Excel 4.0 macros have been around for almost three decades, but this year, attackers have found new ways to weaponize them. It’s bad news for companies that still rely heavily on this legitimate and long-standing functionality.
VMware security researchers James Haughom, Stefano Ortolani and Baibhav Singh observed thousands of samples this year and presented their findings during the VB2020 conference in October. They were able to group samples into distinct waves, noting how malware authors improved their work, making malicious spreadsheets more sophisticated and more evasive.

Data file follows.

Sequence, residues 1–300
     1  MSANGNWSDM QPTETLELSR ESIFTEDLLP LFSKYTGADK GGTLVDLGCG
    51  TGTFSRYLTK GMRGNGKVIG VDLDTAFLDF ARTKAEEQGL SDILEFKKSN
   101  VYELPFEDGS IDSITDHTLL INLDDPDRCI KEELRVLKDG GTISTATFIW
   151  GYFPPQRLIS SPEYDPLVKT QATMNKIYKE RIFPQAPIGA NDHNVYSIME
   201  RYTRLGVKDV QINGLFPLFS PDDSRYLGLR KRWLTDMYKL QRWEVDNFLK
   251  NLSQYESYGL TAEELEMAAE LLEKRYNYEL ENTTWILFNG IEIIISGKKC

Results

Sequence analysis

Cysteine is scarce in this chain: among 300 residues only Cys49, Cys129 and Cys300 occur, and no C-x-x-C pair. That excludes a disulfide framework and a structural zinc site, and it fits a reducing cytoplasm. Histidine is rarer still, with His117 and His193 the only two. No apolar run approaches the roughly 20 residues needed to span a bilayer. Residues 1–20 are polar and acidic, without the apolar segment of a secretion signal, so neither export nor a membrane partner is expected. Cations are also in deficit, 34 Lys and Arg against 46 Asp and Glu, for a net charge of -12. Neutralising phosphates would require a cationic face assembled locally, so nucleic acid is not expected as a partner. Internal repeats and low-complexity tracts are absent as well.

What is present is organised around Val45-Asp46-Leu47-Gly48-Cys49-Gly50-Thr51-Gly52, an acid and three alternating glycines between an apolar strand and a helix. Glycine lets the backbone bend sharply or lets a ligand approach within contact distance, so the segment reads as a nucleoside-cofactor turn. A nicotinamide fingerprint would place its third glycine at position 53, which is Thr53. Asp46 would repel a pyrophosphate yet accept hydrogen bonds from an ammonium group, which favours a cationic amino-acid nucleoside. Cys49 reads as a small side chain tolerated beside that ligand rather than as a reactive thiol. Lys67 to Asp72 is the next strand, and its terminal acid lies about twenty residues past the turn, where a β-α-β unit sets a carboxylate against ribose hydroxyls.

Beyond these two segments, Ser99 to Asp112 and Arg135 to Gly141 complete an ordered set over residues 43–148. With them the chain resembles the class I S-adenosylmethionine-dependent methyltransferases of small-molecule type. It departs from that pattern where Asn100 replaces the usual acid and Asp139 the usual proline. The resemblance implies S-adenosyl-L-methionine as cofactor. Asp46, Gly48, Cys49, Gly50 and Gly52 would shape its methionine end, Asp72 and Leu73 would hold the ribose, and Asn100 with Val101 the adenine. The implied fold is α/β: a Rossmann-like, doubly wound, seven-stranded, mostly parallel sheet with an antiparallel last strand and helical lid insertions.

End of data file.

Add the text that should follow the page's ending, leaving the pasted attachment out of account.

Excel 4.0 macros, also known as XL4 macros, became more pervasive in February. Typically, victims receive a malicious XLS file by email and are tricked into enabling macros. Once they do that, the attacker can gain access to the network, allowing them to deliver additional malware, which could potentially be more persistent.
Several commodity malware families including Trickbot, Danabot, Gozi and ZLoader have used this idea to get a foothold on a target network. In fact, the researchers said, this type of malware opens the door for a wide range of possibilities.
The researchers believe that Excel 4.0 macros are currently an “uncharted territory,” where both sides continuously learn new tricks. Malware authors keep pushing the boundaries, identifying new ways to evade detection, while security researchers try to determine how to better assess Excel documents.
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